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How the Arts Were Turned Into Neighbors



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"'Lincoln Center: Celebrating 50 Years,' at the New York Public Library for the Performing Arts, reminds us of that cultural force as it was in its prime."


The crowds at the groundbreaking ceremony for Lincoln Center in May 1959.


A costume for George Balanchine's 1951 production of "Swan Lake."


Joan Sutherland and Luciano Pavarotti in the Metropolitan Opera's "La Fille du Regiment."


The costumes from three different Met productions of "Die Zauberflöte."


George Balanchine, right, rehearses in the studio with dancer David Richardson and others from New York City Ballet.


Aaron Copland and Leonard Bernstein before the opening of Philharmonic Hall, now Avery Fisher Hall.


A necklace designed by Franco Zeffirelli for Leontyne Price as Cleopatra in Samuel Barber's "Antony and Cleopatra," directed by Franco Zeffirelli in 1966.


Wynton Marsalis with the students from Jazz at Lincoln Center's "Essentially Ellington" program.


A model of an evil chef created by Maurice Sendak for a 1986 City Opera production of Prokofiev's "Love for Three Oranges."

Cultural forces are rarely shy about promoting themselves, particularly when they are at the peak of their power and confidence. One of the achievements of the new exhibition “Lincoln Center: Celebrating 50 Years,” at the New York Public Library for the Performing Arts, is to remind us of that cultural force as it was in its prime and give us a sense of the shadow it cast — or rather, of the illumination and exuberance of its best and most vital creations.

The major festivities for Lincoln Center’s anniversary came last spring, but this show, with its historical survey of the institution’s beginnings and its almost rambunctious sampling of performances and images from every one of the center’s dozen constituents, gives a sense of the scale of the enterprise. It covers the center’s conception and evolution, as its construction, fund-raising and planning extend into its second half-century. The exhibition doesn’t explore the more difficult issues raised by arts centers and their place in American culture, but this show’s celebration is both justified and convincing.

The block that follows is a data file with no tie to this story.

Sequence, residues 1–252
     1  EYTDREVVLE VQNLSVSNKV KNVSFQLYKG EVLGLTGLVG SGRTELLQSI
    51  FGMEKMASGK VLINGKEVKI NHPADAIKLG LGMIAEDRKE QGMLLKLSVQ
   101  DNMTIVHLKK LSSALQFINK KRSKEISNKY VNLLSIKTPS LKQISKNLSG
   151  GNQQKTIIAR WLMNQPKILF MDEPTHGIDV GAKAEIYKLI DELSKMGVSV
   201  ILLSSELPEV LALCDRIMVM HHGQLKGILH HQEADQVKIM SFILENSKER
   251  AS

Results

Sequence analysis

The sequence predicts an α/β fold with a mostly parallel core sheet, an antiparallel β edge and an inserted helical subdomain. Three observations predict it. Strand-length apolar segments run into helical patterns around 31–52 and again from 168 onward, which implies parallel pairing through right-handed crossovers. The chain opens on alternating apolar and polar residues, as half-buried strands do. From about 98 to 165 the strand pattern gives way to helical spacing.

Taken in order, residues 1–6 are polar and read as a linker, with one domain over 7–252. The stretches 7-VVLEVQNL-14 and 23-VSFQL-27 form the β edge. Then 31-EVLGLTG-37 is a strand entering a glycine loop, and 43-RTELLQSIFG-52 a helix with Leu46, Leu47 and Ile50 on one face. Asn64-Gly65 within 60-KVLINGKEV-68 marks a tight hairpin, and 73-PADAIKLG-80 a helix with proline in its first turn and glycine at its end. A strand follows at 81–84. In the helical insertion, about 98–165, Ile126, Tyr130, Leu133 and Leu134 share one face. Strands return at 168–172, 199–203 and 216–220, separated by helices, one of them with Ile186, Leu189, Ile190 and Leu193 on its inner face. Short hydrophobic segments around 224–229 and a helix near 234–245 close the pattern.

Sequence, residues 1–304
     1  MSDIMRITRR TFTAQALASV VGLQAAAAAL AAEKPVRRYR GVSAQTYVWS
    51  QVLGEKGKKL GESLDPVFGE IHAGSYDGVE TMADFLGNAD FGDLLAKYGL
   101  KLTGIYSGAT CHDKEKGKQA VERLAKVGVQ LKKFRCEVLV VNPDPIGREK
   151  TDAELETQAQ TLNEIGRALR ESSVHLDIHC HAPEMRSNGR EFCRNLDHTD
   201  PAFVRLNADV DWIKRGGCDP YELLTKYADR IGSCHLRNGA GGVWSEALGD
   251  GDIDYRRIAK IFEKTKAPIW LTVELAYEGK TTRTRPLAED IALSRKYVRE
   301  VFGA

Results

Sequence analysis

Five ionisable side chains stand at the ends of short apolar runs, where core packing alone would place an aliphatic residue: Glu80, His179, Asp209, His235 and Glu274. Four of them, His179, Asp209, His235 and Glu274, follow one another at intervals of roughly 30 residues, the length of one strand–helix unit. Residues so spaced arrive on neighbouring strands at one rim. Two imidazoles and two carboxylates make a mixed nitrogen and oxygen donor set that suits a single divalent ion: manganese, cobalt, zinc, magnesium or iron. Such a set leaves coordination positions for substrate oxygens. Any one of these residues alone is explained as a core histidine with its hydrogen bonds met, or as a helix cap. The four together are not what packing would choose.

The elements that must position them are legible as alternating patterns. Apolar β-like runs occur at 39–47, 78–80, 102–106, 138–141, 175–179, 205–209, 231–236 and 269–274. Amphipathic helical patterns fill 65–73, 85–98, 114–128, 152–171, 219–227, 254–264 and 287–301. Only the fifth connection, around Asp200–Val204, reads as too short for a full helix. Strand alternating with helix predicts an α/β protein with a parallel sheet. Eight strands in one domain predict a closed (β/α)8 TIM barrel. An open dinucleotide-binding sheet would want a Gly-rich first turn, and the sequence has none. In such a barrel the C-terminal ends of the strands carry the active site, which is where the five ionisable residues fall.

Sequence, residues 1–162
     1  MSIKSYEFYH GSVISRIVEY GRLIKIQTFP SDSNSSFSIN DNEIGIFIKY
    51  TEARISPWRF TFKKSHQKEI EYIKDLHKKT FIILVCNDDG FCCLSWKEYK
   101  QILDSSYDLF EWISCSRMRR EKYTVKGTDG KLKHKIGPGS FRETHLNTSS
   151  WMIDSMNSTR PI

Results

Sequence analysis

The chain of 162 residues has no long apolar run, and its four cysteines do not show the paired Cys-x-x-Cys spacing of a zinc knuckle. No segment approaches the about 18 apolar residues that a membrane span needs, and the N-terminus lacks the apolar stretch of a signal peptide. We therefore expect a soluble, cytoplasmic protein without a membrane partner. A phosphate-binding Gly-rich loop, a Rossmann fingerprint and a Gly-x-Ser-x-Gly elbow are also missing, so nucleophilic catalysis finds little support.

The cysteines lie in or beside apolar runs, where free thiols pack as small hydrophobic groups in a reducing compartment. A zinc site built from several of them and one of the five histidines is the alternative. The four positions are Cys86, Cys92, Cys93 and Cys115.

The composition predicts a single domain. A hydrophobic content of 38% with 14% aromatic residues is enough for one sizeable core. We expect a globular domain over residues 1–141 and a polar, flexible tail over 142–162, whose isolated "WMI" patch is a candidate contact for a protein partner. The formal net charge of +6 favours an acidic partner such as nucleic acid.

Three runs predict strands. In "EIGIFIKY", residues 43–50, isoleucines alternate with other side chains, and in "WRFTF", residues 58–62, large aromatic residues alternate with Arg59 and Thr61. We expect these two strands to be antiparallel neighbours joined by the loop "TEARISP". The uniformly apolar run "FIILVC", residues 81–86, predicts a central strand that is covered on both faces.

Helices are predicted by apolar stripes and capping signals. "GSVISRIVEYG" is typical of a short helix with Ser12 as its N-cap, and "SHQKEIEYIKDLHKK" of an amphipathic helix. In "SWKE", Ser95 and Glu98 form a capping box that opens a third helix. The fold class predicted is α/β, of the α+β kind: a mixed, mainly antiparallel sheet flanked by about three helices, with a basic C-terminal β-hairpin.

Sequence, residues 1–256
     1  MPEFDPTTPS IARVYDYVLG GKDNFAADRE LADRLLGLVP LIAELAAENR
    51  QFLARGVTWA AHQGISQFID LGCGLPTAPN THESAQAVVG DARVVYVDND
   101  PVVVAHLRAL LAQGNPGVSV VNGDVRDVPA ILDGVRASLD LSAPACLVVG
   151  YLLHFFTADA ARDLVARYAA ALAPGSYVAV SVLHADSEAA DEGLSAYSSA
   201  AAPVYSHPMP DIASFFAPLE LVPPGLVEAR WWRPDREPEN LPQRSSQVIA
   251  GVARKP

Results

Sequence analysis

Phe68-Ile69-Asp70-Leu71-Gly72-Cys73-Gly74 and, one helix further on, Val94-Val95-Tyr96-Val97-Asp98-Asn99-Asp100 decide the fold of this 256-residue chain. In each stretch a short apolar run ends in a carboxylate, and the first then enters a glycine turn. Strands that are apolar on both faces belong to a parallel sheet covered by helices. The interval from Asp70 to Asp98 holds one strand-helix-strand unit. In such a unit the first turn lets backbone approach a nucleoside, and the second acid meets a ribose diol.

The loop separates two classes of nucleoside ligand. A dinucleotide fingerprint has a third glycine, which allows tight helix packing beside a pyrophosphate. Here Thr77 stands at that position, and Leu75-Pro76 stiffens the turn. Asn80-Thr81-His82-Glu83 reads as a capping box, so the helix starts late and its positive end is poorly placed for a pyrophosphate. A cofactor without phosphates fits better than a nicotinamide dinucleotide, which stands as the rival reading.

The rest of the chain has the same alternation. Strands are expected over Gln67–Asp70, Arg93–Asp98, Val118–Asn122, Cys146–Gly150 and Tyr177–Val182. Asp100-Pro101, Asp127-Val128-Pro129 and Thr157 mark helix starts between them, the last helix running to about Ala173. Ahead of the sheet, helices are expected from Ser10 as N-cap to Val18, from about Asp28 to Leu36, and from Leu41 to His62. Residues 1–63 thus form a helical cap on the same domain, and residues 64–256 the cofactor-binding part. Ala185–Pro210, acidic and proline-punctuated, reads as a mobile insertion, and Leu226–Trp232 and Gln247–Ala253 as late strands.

The curator, Thomas Mellins, begins by suggesting the sheer nerviness of the initial project, which conceived of uniting New York’s major performing arts institutions under a single umbrella. Opera, orchestral music, ballet and drama were the first performing arts imagined as part of the new organization, but the expectation was for a critical mass of cultural creativity.

So high were the hopes that the center was also expected to combat what was then known as “urban blight”: Robert Moses set the wheels in motion for the institution in 1955 when he was chairman of the Committee on Slum Clearance. From there, hopes only grew. In a film of the 1959 groundbreaking shown here, President Dwight D. Eisenhower declares that the center will become “a mighty influence for peace and understanding throughout the world” — this in an era when “cultural exchange” inspired nearly utopian dreams.

The idea of an arts center, though, was also exceedingly peculiar for its time, bringing together institutions with their own boards, social circles and ambitions, asserting that each would somehow gain from the presence of the others. But what did the New York Philharmonic have to do with the Metropolitan Opera or any resident theater company when they all had to compete for ticket buyers?